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Point-Plane Distance?

  1. Aug 26, 2010 #1
    Hey I just have a little concern about the distance between a plane & a point not on the plane.

    In the picture here:
    [PLAIN]http://img838.imageshack.us/img838/4197/normalyy.jpg [Broken]

    we can define the equation of a line passing through B down to the plane and beyond as

    X = B + tN

    If we want to find the equation of the line passing through the point P in the plane
    through to A we'll use the idea of the dot product due to it's orthogonal characteristic.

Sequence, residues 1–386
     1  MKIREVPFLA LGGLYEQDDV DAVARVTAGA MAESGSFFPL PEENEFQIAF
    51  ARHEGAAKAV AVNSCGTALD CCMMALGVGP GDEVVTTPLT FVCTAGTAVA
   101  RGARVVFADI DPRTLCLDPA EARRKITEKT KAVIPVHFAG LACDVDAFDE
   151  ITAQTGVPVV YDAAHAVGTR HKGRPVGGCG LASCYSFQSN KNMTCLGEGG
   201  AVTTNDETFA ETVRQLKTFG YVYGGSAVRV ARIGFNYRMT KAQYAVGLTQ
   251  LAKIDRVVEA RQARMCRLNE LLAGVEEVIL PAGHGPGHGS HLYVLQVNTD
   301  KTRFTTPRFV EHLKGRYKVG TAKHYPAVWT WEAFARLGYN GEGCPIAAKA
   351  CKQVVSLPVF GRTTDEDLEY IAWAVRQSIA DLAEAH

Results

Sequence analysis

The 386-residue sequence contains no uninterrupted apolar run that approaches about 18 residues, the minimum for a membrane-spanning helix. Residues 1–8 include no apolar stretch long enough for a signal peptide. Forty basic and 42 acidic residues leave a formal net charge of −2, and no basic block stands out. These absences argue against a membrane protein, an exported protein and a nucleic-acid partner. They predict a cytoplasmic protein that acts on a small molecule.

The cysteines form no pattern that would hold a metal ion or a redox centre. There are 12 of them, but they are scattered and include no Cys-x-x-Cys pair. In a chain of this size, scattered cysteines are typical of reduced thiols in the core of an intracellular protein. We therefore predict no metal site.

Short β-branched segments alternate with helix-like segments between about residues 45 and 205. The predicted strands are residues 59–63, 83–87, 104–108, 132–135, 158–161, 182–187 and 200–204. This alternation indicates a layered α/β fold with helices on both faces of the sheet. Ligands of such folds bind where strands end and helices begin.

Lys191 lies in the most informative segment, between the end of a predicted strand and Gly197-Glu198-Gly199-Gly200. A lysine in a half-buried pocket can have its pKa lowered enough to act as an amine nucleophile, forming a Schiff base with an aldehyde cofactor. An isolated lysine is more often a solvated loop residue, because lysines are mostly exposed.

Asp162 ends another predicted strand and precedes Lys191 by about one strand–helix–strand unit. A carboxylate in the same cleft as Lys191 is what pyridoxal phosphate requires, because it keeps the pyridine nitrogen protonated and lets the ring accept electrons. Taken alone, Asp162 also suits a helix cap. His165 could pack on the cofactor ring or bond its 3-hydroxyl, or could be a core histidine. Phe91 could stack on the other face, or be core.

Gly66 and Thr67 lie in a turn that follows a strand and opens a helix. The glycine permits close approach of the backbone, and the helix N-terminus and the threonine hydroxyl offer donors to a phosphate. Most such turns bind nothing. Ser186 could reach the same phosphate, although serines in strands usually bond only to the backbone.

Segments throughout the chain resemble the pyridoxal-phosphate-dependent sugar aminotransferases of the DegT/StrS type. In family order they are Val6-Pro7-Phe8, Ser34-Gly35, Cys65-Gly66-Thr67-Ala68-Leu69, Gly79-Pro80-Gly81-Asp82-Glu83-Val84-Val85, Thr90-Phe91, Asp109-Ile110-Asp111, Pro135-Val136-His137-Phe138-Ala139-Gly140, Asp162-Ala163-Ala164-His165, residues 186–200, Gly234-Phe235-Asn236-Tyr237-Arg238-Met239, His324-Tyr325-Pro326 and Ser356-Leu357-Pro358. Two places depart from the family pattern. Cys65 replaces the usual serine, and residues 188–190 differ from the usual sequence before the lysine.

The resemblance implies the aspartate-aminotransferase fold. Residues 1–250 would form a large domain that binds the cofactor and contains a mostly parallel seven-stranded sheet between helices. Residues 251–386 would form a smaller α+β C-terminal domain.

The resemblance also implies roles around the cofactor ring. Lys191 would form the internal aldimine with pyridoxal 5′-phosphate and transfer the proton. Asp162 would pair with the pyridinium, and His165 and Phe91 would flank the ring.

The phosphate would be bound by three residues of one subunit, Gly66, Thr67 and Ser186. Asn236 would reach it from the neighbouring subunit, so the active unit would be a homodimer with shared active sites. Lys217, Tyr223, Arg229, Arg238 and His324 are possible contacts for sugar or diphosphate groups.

(X - A)•N = 0

    I want to point out that X is going to have to be equal to the point P in the picture so

    X = P = B + tN

    and

    (X - A)•N = (P - A)•N = (B + tN - A)•N = 0

    We'll fineagle it to get

    (B + tN - A)•N = 0

    (B - A)•N + tNN = 0

    tNN = - (B - A)•N

    tNN = (A - B)•N

    [tex] t \ = \ \frac{ ( \overline{A} \ - \ \overline{B}) \cdot \overline{N}}{ \overline{N} \cdot \overline{N}} [/tex]

    Then you can sub this into your original equation

    X = B + tN

    To find the actual value at the point P.

    Using this couldn't you just find the norm of this numerical value to find the length of
    the line connecting B to P?


    Then you could go on to use the General Pythagoras Theorem and get

    [tex] || \overline{A} \ + \ \overline{B} || \ = \ || \overline{AP} || \ + \ || \overline{PB} || [/tex]
     
    Last edited by a moderator: May 4, 2017
  2. jcsd
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